Friday, October 12, 2018

Fleeing natural disasters tough for poor, rural residents

Escaping hurricanes (and other natural disasters like wildfires or tornadoes) is particularly difficult for the rural poor. Some don’t have driver’s licenses, like Gene Bearden of the Florida panhandle town of Panacea. A sheriff’s deputy wrote him a pass allowing him to drive while evacuating Hurricane Michael, but he ended up weathering the storm one town away in his parked truck, Patricia Mazzei reports for The New York Times.

Others just don’t have the money or a car. “Some people are getting out of town, but that’s not an option for me. I have no money, no job, no connections,” Tony Clower, a Kinston, North Carolina, resident who is homeless, told the Asheville Citizen-Times before Hurricane Florence.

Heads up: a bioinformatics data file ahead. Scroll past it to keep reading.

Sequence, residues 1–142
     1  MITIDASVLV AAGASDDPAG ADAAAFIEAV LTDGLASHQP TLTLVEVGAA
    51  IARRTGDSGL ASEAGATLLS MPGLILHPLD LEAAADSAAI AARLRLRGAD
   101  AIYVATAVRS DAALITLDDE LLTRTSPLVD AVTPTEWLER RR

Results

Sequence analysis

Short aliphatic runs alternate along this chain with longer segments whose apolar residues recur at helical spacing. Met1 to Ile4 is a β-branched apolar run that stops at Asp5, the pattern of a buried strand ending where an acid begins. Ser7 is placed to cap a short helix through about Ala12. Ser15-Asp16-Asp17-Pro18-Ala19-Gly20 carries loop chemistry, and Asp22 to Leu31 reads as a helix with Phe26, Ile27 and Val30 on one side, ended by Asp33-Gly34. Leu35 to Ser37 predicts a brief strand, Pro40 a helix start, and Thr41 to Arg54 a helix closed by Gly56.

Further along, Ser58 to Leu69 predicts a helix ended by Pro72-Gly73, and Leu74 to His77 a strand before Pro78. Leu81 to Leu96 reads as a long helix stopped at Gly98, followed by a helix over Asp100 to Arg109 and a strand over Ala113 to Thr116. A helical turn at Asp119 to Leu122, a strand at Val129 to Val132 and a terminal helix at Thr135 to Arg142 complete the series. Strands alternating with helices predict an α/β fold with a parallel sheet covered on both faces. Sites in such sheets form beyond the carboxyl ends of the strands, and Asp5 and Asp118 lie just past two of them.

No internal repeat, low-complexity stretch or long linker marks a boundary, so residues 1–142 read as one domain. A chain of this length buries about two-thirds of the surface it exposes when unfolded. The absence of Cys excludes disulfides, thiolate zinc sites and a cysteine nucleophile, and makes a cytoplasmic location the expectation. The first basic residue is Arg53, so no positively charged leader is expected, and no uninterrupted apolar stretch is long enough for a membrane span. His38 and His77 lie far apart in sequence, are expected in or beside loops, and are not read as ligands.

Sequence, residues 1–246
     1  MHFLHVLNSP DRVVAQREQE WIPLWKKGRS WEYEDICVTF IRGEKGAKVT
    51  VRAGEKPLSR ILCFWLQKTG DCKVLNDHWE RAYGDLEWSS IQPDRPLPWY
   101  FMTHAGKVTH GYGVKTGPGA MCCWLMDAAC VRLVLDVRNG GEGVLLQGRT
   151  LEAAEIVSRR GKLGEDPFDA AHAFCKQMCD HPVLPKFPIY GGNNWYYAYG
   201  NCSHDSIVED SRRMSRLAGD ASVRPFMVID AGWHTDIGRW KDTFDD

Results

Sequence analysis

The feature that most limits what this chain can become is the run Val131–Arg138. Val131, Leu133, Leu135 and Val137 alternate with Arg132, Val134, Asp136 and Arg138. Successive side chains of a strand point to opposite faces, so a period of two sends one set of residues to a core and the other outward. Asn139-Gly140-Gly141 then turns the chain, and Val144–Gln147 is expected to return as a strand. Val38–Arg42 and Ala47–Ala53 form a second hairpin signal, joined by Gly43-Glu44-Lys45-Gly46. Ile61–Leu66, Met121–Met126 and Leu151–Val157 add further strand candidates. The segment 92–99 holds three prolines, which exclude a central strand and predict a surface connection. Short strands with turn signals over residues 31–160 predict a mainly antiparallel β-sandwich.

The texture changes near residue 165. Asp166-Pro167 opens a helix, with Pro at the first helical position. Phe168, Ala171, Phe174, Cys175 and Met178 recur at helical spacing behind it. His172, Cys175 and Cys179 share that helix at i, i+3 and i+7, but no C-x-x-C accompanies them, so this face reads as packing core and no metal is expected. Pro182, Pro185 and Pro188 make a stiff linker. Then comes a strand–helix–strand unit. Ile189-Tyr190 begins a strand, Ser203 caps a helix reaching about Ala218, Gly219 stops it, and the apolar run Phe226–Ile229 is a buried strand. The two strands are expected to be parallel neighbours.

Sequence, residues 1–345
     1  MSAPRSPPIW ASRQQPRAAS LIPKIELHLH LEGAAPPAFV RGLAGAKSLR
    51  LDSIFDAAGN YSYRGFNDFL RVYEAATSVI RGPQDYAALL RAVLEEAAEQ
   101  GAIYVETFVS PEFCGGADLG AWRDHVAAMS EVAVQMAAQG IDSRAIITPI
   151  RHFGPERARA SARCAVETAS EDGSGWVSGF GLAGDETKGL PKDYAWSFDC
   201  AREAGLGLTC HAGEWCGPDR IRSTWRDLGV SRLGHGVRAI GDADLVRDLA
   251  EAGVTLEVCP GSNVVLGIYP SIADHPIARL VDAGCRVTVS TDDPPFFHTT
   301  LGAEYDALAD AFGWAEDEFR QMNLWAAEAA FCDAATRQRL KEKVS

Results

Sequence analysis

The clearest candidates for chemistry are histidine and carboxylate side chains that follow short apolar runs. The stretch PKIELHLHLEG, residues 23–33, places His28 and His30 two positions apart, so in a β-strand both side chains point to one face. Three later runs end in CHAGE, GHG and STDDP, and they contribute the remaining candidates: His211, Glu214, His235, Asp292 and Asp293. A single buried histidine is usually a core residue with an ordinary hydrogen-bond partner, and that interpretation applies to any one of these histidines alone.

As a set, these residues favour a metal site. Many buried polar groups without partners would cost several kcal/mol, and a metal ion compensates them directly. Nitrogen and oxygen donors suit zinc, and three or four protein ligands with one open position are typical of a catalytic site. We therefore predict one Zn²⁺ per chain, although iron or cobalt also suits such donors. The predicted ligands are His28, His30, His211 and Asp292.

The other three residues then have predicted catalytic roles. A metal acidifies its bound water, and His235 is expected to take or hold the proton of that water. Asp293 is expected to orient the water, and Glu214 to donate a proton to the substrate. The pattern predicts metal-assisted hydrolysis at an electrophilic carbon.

And for the poor, who often don’t have savings, the losses suffered can be harder to recover from. Jack Cattledge, who lives in the same RV park in Panacea, said he estimated Michael had caused about $1,000 in damage to his camper, and said he had likely lost $300-$500 in groceries in his freezer, Mazzei reports. 

Hurricanes are doubly hurtful for farmers, many of whom can ill afford to lose profits. Harvests have been ruined by the one-two whammy of Florence and Michael, and farmers must also deal with clean-up costs. 

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